The NLRB prohibits employers from including clauses that silence workers

(CNN) If your company fires you, your employer may offer you severance pay—but only if you agree to abide by a number of restrictions.

Staying calm is often one of them.

But this week the National Labor Relations Board told employers that they can no longer silence employees who are laid off in two very specific ways that the board says violate employees’ rights under Sections 7 and 8(a)(1) of the Labor Relations Board. National Labor Relations Act.

Employers can no longer include the broadly written confidentiality clause that requires you to remain silent about the terms of your severance agreement. And they can no longer include a broadly written non-selective clause that prevents you from discussing the terms and conditions of your business with third parties.

“A termination agreement is illegal if it prohibits the employee from assisting co-workers with workplace issues related to the employer, and from communicating with others, including the union and the board of directors, about his employment,” the council wrote in the council. Its decision is Tuesday.

The ruling is the opposite of what NLRB members decided under Trump in an earlier case that were legal restrictions on employees as a condition of obtaining severance.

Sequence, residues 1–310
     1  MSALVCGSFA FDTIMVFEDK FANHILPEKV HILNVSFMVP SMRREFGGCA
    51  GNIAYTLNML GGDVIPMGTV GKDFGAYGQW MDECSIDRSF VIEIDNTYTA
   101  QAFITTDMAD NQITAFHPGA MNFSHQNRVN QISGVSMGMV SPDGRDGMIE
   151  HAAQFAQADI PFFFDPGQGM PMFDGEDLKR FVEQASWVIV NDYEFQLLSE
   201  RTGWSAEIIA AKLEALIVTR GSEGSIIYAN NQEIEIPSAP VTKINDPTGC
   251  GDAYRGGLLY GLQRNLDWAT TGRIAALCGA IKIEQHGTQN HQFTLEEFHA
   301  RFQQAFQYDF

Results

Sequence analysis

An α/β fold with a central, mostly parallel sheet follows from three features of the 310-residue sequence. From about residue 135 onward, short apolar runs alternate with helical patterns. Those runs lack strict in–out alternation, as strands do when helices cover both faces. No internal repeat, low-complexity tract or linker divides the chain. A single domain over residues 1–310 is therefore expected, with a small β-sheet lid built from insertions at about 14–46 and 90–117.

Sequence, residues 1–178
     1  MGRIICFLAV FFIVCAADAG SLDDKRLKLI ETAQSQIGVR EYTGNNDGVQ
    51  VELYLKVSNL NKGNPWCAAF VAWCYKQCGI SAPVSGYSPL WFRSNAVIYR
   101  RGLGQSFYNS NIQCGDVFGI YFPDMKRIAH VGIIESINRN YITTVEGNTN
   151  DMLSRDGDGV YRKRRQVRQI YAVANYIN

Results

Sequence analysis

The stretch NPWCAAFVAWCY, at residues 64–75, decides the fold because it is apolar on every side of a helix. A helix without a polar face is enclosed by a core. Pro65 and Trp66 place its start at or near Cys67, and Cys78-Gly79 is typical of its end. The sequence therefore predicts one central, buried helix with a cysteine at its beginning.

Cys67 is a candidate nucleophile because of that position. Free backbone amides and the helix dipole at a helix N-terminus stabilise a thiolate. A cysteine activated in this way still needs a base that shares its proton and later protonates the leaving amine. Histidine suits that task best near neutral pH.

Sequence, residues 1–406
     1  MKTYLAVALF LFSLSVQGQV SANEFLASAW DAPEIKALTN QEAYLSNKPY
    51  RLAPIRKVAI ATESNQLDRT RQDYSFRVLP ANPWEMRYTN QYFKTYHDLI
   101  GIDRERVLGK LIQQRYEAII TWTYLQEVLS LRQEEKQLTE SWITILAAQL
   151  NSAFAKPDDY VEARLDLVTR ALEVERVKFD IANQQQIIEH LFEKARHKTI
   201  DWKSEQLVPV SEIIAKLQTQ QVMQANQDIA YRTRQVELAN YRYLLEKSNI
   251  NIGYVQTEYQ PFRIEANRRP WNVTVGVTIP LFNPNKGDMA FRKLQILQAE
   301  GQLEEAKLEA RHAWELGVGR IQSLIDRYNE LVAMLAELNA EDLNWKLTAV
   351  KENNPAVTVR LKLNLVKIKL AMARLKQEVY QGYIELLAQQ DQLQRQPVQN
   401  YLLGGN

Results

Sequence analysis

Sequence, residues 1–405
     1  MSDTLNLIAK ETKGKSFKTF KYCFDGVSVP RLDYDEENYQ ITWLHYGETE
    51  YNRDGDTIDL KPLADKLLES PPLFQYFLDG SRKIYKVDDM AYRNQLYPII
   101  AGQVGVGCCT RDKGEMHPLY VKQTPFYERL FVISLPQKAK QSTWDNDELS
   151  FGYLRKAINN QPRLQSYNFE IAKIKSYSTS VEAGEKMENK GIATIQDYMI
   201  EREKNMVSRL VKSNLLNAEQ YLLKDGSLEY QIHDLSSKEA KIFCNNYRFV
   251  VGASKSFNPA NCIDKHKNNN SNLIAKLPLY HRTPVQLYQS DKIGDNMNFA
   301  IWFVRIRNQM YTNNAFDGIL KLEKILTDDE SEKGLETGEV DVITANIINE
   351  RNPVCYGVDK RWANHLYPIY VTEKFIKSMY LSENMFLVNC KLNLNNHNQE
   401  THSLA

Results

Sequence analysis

With the exception of railroads and airlines, business owners in the United States are under the jurisdiction of the NLRB.

And while the works council’s decision could be appealed this week, the ruling is effective immediately. This means that employers must review — and, if necessary, revise — their termination agreements to ensure that they do not include overly broad language that would restrict workers’ rights in the two ways that the board’s decision indicates.

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The board’s decision will return a little bit of authority to employees, but how that plays out remains to be seen.

“Companies are certainly incentivized to silence their departing employees…[because it helps them keep] All the skeletons in the closet,” employment attorney Alex Granovsky told CNN via email.

“This decision opens the door. While sunshine is the best medicine in one sense, and greater exposure should lead to better companies, this decision may also change the dynamics of Separation negotiations. “

CNN’s Chris Isidore contributes to this report

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